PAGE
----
Say it ain’t so, NVIDIA. It looks as though Quadro branding for its professional GPUs is being thrown out the window, as the company is adopting new nomenclature for its Ampere-based solutions. The company today announced the RTX A6000, which is the replacement for the current-generation Quadro RTX 8000 and RTX 6000 GPUs based on Turing architecture.
We first got word of the RTX A6000 back in late September, where we learned that it would have a “full” GA102 GPU with 10,752 cores and 48GB of VRAM. Those specs have been confirmed today by NVIDIA, along with the fact that it’s using 16Gbps GDDR6 on a 384-bit memory bus. For comparison, the “true flagship” GeForce RTX 3090 enthusiast card has 10,496 CUDA cores and 24GB of VRAM using 19.5Gbps GDDR6X.
What’s interesting here is that NVIDIA opted for GDDR6 over the GDDR6X used in the GeForce RTX 3080 and RTX 3090. But it could just come down to the fact that NVIDIA can’t yet obtain 16Gb GDDR6X RAM chips necessary to feed the beast. So, while the RTX A6000 has twice the amount of memory as the GeForce RTX 3090 and four times the amount of the GeForce RTX 3080, we’ll have to keep in mind the lower memory bandwidth (696 GB/s versus 936GB/s) when the first benchmarks start rolling out.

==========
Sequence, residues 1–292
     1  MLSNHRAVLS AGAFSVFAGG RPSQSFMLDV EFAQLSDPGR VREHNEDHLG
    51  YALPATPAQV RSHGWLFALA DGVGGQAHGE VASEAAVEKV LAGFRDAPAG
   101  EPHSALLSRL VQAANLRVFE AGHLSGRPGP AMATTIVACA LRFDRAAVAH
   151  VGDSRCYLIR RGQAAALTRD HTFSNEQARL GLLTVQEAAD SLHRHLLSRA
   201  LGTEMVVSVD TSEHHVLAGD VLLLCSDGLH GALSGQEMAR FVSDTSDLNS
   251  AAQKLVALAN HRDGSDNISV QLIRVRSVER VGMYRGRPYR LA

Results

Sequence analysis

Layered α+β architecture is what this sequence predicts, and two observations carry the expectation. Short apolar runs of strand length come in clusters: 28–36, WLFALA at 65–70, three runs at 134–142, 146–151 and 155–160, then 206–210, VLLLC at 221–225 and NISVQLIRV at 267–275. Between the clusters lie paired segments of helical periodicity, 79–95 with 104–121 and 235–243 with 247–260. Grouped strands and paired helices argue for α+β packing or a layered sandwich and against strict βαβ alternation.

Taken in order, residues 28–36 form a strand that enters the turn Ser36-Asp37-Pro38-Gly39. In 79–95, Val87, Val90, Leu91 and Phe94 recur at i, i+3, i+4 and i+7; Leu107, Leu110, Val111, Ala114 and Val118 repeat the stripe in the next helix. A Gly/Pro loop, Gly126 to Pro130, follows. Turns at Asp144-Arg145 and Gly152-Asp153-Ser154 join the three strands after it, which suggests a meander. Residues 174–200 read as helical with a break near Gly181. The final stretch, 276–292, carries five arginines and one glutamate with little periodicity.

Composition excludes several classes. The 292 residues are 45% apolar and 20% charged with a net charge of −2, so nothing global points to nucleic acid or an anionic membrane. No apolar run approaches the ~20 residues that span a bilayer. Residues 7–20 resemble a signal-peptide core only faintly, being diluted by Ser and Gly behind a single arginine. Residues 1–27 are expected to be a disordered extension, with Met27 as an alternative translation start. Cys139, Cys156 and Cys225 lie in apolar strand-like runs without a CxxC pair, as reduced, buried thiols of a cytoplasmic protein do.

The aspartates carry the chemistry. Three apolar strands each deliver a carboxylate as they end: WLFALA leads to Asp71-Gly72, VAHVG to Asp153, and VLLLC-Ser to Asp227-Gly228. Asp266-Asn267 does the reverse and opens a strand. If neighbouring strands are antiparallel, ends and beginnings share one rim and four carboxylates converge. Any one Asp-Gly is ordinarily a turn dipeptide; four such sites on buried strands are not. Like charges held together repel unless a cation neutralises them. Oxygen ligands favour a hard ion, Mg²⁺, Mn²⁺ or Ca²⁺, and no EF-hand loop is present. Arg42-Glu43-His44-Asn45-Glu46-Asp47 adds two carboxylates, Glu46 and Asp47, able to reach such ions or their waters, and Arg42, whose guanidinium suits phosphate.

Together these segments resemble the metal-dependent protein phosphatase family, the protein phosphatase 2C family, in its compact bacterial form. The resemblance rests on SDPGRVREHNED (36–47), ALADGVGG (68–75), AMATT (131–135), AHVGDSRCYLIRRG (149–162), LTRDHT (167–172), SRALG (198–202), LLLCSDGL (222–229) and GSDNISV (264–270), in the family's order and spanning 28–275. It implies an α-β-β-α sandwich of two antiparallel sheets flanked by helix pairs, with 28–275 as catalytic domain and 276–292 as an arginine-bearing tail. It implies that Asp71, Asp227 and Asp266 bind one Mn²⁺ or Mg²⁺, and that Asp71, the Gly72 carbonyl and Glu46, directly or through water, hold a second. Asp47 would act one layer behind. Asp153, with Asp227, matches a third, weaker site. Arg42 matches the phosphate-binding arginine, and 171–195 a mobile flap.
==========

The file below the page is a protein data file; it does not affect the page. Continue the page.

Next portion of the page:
NVIDIA says that its second-generation RT cores provide a 2x uplift in throughput over the previous generation Turing-based Quadro cards and a 5x improvement in throughput for its Tensor cores.
“Creating the next generation of passenger cars requires design perfection and a relentless pursuit of aesthetic beauty,” said Guillaume Shan, who works in Computer Graphics and Visualization Solutions at Groupe Renault. “The Renault design team constantly pushes the boundaries to use every tool at our disposal. We have always relied on NVIDIA technology to review design concepts in ray-traced photorealism. The new NVIDIA RTX A6000 has exceeded our expectations and shown performance gains of over 2x with ray-traced exterior scenes. It’s quite impressive.”
We should also mention that NVIDIA will introduce the largely similar A40, which is specifically geared towards the data center market (even though it includes three DisplayPort connectors, which is a new development for computer cards). While the RTX A6000 is actively cooled, the A40 is passively cooled. The A40 also features slightly slower memory, which clocks in at 14.5Gbps. Both cards feature a TDP of 300 watts and are 2-slot solutions.
NVIDIA says that workstations with RTX 6000 and A40 will begin shipping in early 2021 from companies like BOXX, Dell, HP, and Lenovo. Likewise, individual cards will be available from channel partners starting in mid-December.